The Reinvention of Britain 1960–2016 explores the transformation of contemporary Britain, tracing its evolution from the welfare state of the post-1945 era to social democracy in the 1960s and 1970s and the liberal market society of 1979 onwards. Focusing primarily on political and economic change, it aims to identify which elements of State policy led to the crucial strategy changes that shaped British history over the past six decades.
This book argues that since 1960 there have been two reinventions of the political economy of the United Kingdom: a social-democratic shift initiated by the Conservative government of Harold Macmillan and developed by Labour under Harold Wilson, and a subsequent change of direction towards a free market model attempted by the Conservatives under Margaret Thatcher. Structured around these two key policy reinventions of the late twentieth century, chapters are organized chronologically, from the development of social democracy in the early 1960s to the coalition government of the early 2010s, the Conservative election win that followed and the ‘Brexit’ referendum of 2016.
Providing a comprehensive yet accessible introduction to the political and economic history of this period, The Reinvention of Britain 1960–2016 is essential reading for all students of contemporary British history.
Table of Contents
List of figures
List of tables
Introduction: why a political and economic history?
Part 1: The Rise and Fall of Social-Democratic Britain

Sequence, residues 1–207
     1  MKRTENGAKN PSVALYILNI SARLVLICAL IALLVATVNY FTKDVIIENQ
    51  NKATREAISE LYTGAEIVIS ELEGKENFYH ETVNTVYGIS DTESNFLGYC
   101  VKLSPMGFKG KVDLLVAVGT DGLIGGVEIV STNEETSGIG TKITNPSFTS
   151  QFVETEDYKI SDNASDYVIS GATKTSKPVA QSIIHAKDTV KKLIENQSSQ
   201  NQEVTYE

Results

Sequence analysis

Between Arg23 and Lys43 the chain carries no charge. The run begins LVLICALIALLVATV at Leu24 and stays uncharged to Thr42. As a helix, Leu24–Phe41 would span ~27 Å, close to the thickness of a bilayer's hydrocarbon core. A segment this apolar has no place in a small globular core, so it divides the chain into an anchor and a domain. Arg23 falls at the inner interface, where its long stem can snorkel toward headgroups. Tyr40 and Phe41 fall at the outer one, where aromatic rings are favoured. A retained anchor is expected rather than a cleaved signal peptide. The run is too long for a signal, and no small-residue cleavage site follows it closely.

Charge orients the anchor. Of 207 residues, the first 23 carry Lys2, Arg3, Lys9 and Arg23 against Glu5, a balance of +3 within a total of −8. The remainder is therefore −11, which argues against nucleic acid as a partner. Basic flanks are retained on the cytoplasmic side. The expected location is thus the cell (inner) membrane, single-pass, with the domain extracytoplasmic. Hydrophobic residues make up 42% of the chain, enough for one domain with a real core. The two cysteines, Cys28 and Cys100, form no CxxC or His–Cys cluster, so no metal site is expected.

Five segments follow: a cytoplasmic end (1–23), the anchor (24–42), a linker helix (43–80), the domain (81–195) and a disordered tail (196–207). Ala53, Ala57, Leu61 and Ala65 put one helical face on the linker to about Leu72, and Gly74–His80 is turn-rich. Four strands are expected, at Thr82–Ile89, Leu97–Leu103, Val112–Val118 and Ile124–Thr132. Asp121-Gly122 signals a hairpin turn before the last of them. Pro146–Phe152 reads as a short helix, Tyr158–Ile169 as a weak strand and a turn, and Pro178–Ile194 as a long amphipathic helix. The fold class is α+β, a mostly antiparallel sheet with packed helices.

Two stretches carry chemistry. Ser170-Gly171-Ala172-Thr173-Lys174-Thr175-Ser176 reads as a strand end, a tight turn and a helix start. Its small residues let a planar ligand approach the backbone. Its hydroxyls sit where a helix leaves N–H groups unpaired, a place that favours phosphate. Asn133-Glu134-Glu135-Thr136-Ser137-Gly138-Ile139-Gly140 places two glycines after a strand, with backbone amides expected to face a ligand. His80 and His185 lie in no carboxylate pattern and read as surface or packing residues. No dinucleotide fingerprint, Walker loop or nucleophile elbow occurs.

1: Conservative Social Democracy 1961-64
2: Labour’s New Britain, 1964-70
3: Quiet Revolution, 1970-74
4: The Last Years of the Post-War Settlement, 1974-79
Part 2: Neo-Liberal Britain
5: Thatcher's Revolution, 1979-90
6: Major Interlude, 1990-97
7: New Labour in Power, 1997-2010
Scott Newton is Emeritus Professor of Modern British and International History at Cardiff University, having taught there for 33 years before retiring in 2016. He has written on British economic history and policy and the interaction between socio-economic change and international relations, and his work has appeared in journals such as Diplomacy and Statecraft, The Economic History Review and the English Historical Review. His best-known books are Modernization Frustrated (1988, with Dilwyn Porter), Profits of Peace: The Political Economy of Anglo-German Appeasement (1996) and The Global Economy, 1944–2000: The Limits of Ideology (2004).
"I think this is the best, most modern, balanced, and scrupulous history of contemporary Britain available." - Martin Farr, Newcastle University, UK
"Newton's is a stimulating history, notable for its detail and clarity." - John Moore, Morning Star
"... this is an excellent book, intensively researched and with a strong narrative line that gives powerful support to the central argument. An ideal festive gift for anyone interested in the recent economic history of Britain." - Dan Atkinson, Lobster Magazine